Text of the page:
The Scrappy Mountain foundations come in five different sizes and can be purchased in our shop.
The Scrappy Mountain quilt blocks can be mixed and matched in anyway you want. Really, the sky is the limit! But sometimes that can be too many options. To get you started, I thought I would share a tutorial for the Scrappy Mountain Mini Quilt I made. It measures 20” x 24” and would make a cute quilted wall hanging. If you want something larger, make four of these mini quilt tops and sew them together to make a small 40” x 48” throw. This would be a great size for a baby or toddler quilt. Need something larger? If you make 9 of them they will make a 60” x 72” throw.
Just have fun and play around with these mountains. That’s the goal!
Scrappy Mountain Mini Quilt Tutorial
Size: 20” x 24”
(6) 1” x 2” Scrappy Mountains
(5) 2” x 4” Scrappy Mountains
(6) 3” x 6” Scrappy Mountains
(2) 4” x 8” Scrappy Mountains
(2) 5” x 10” Scrappy Mountains
* Patterns for the Scrappy Mountains can be purchased in my shop.
(5) 1 1/2” squares
(2) 1 1/2” x 2” rectangles
(4) 1 1/2” x 3 1/2” rectangles
(1) 1 1/2” x 4 1/2” rectangle
(2) 2” x 4 1/2” rectangles
(1) 1” x 20 1/2” strips
(4) 2” x 20 1/2” strips
You will also need 2/3 yard fabric for the backing and (3) 2 1/4” x WOF* strips for the binding. (*width of fabric)
Layout all Scrappy Mountains and background pieces as illustrated.
2. Sew the Scrappy Mountains and background spacing strips together into rows. (Ignore the long strips for now.)
3. Press. When two Scrappy Mountains are sewn together, press the seams open. When a Scrappy Mountain is sewn to a background strip, press towards the background strip.
4. Sew the Scrappy Mountain rows and the long 20 1/2” strips together. Press towards the strips.
5. You’re done!
Now you can baste and bind the quilt as desired. I quilted my mini with straight line quilting. I played with the line direction and want to show you how I did that.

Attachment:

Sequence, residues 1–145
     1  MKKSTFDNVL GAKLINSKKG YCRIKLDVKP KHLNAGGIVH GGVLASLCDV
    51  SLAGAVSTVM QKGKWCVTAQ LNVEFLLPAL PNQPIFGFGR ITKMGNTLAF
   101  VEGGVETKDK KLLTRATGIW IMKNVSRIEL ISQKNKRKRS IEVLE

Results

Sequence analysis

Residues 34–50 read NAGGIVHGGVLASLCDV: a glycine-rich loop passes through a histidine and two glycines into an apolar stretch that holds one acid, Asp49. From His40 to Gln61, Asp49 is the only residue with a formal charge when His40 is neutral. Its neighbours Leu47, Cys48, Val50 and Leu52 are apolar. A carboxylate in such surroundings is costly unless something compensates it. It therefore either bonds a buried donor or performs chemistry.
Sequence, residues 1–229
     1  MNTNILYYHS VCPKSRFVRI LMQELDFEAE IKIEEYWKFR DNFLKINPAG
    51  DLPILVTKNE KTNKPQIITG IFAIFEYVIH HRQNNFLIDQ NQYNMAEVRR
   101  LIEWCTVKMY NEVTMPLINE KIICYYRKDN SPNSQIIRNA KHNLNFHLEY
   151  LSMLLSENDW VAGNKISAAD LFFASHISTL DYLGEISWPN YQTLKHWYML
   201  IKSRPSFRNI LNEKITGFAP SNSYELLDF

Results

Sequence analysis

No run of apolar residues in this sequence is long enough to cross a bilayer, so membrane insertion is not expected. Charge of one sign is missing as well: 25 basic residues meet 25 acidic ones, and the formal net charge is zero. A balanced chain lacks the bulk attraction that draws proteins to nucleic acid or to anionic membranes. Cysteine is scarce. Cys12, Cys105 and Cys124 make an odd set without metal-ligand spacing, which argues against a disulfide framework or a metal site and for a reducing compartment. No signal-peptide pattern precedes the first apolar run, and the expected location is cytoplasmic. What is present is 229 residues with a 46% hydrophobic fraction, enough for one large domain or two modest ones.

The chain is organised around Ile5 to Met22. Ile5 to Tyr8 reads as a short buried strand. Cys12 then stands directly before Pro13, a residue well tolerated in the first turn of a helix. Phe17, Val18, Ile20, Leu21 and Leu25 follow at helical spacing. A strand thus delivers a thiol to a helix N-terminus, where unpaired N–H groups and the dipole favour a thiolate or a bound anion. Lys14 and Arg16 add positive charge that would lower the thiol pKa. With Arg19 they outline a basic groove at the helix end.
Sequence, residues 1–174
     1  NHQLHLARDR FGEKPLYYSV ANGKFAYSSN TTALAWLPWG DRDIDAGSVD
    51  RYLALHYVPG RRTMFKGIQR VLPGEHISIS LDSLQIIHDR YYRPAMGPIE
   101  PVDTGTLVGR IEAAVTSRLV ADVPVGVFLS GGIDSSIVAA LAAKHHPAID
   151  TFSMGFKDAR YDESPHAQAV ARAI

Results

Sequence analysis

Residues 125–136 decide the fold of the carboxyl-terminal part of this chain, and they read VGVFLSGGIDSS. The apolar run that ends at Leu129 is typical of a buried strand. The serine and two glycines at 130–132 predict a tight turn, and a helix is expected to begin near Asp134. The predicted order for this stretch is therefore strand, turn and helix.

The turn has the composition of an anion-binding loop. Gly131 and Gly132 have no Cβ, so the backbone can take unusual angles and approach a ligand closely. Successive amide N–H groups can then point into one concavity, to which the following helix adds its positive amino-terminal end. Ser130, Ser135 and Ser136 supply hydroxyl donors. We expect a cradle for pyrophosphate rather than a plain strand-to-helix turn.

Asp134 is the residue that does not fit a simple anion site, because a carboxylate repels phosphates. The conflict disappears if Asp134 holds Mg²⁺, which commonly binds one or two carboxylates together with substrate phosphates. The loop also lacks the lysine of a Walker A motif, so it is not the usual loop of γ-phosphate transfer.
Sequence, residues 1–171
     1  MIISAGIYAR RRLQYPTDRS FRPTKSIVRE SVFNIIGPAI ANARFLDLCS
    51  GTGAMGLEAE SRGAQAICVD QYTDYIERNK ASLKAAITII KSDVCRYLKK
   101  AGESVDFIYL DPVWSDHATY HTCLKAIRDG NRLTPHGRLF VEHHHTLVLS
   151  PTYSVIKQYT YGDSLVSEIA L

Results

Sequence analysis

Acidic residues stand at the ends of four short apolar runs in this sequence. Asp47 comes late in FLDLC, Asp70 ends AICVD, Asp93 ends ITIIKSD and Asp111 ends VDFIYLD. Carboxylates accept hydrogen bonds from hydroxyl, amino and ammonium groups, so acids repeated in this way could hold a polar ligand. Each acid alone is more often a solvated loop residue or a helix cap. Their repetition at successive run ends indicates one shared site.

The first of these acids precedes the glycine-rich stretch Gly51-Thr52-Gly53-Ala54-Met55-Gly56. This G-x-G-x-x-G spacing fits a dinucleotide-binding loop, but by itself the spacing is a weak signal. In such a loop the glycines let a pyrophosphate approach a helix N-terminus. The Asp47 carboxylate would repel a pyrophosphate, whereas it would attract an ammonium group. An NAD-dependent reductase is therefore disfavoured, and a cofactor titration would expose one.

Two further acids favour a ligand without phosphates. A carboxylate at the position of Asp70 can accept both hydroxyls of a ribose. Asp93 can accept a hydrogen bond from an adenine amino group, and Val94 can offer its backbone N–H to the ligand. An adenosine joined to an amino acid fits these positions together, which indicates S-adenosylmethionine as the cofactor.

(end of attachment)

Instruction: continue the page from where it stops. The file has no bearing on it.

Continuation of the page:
The first thing I did was mark a line with a disappearing fabric ink pen. I started in the lower left corner and went up through the quilt at a 45 degree angle. Then I stitched on the line.
Next, I marked two more lines. I had one branch off midway through the quilt to the left at a right angle to the first line. The next went down to the right near the last quarter of the first line. (You can change the placement of these lines so they are pleasing to you. They don’t even need to be at right angles!)
After marking the secondary lines, it was time to sew again. I sewed parallel to the first line and, when I hit the second marked line, I stopped, needle down, rotated the quilt 90 degrees, and sewed on the second marked line. I did the same for the third line.
After the major lines were sewn, I just filled in the rest of the quilt with straight line quilting. I sewed parallel to the previous stitching lines and used the side of my walking foot as a guide.
Give it a try! It’s a fun way to do straight line quilting and is slightly less boring than all parallel lines. :)
The Scrappy Mountain foundations come in five different sizes and can be purchased in my shop.